She was chosen as a symbol of emancipated Indonesian women in the Old Order era by the late President Soekarno. It wasn’t just because she was highly intellectual, rebellious, radical and charismatic, but also because she was Javanese.
It couldn’t be denied that the Javanese ethnicity has had a strong influence in the history of our nation. Making Kartini a symbol of women’s emancipation, in that context, is justifiable: because Kartini is from Java, she became a feminist icon. Why Kartini and not someone else? It’s debatable and will certainly invite many arguments.
Apart from this discourse, however, Kartini’s perspective and thoughts are worth remembering, particularly to point out how education and literacy are the key factor of empowerment. Goenawan Mohamad in his 2011 book Tokoh+Pokok (Figures and Principles) encapsulates Kartini in a simple sentence: “Kartini existed, hence she is a feminist.” It’s not the other way around. This shows that Kartini’s strength was not her external situation.
She was critical of the culture at the time such as forced marriage and colonialism, and inspired the call for change at that time. But, as Rebeka Nivalah wrote in her piece, “Follow Kartini’s Inspiration: Write for Impact!”, the most arguable reason why Kartini became a feminist icon, because she wrote and she wrote strongly.
Kartini’s monumental book Habis Gelap Terbitlah Terang (Out of Darkness Comes Light) tells us that by writing we can create our own history. By writing we can tell future generations about what happened in the past, and to improve for the future. Even more, like Kartini, by writing we can create a better world!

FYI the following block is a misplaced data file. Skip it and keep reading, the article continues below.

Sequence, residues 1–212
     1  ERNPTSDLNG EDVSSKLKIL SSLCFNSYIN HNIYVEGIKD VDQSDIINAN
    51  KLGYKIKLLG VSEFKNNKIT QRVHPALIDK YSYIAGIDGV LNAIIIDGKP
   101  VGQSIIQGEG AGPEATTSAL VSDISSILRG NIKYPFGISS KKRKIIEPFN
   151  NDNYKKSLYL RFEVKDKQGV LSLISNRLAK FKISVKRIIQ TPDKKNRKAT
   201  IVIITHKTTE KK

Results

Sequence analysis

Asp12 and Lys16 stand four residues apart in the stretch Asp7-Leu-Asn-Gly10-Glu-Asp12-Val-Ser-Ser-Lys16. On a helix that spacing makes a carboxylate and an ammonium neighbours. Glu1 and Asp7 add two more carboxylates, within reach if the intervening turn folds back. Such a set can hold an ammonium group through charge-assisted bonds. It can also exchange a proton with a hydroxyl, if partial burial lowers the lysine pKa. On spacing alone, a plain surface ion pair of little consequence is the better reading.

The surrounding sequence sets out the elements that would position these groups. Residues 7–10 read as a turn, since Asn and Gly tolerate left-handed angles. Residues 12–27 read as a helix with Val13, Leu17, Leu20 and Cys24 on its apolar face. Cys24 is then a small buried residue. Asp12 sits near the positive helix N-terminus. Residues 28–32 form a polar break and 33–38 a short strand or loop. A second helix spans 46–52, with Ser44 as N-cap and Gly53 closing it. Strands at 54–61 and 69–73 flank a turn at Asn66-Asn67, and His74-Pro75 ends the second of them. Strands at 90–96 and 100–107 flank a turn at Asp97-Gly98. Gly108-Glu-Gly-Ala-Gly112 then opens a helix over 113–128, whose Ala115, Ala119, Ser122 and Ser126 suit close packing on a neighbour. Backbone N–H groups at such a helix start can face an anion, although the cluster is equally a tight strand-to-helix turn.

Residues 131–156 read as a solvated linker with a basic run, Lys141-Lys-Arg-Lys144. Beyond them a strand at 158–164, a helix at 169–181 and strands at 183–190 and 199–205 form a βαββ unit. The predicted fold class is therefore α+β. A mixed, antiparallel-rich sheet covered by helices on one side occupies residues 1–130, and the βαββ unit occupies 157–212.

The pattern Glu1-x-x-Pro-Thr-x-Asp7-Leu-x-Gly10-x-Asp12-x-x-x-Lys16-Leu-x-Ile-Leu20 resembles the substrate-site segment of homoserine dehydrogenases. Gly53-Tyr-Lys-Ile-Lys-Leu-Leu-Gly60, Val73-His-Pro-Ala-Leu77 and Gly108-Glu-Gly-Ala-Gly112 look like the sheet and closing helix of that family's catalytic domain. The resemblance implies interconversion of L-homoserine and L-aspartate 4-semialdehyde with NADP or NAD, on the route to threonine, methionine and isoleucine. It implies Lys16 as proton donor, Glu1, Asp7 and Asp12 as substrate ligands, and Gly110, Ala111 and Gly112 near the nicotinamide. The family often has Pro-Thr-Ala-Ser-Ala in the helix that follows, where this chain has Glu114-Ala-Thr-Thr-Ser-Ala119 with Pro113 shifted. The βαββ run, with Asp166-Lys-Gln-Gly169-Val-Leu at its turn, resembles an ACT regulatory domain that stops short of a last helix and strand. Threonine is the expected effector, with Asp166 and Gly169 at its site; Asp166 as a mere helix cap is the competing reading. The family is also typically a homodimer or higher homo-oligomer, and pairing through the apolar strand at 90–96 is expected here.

Recently we found out on the news that Indonesia is ranked second from the bottom as the least literate nation (which means having a reading/writing culture). At 60, Indonesia only ranks above Botswana. Leading the list are Finland followed by Norway, Iceland and Denmark.
The survey conducted by the United Nations Educational, Scientific, and Cultural Organization (UNESCO) found that on average, the duration of reading per-person is four to six hours each day. In developed countries, people spend an average of six to eight hours. In Indonesia the average of reading duration is two to four hours.
This shows that we have failed to live up to Kartini’s central legacy that championed education and literacy. As the largest Muslim nation in the world, we also failed to uphold a central teaching of the Quran: Iqra, which literally means “read”.
Sadly, the core of Kartini’s values are hardly reflected in our remembrance of her. On the other hand, the celebration of Kartini Day is still dominated with superficial traditions of wearing kebaya, of holding fashion shows or conducting games.
While I don’t blame most people for getting it wrong, feminists argue that this way of celebrating Kartini is no more than placing women and children as symbols. In addition, every year on April 21, the media like to cover “inspirational women” who are successful in their career, like pilots, designers, busway drivers, dentists and so on. While there is nothing wrong with these stories, career and professional success only partially represent women empowerment. The measurement of women empowerment should not only be based on their career, but on their minds.
When we celebrate Kartini Day every year, how deeply do we delve into Kartini’s perspective? Besides supporting their daughters or sons to join kebaya or traditional costume fashion parades, how many parents discuss about the principles of gender equality to their children at home.”
In fact, do parents ever talk about Kartini’s thoughts to their children on April 21? We have to think critically and provide substantial information to the children and not just blindly participating in a mass culture like the conventional Kartini Day celebrations.
Celebrating Kartini Day is not only a way to remember an inspirational figure whose thoughts challenged patriarchy and male domination system. For Indonesia to move forward we must achieve woman empowerment. Like Kartini, women must believe that light comes after darkness, the way she envisioned it for the generations that would come after her.
Fini Rubianti is an ‘urban villager’ who can’t refuse her little sister’s request to sing dangdut. She is obsessed about horror movies and she stares a lot while kissing scene appeared in a film. Fini would be very happily touched via twitter @finirubi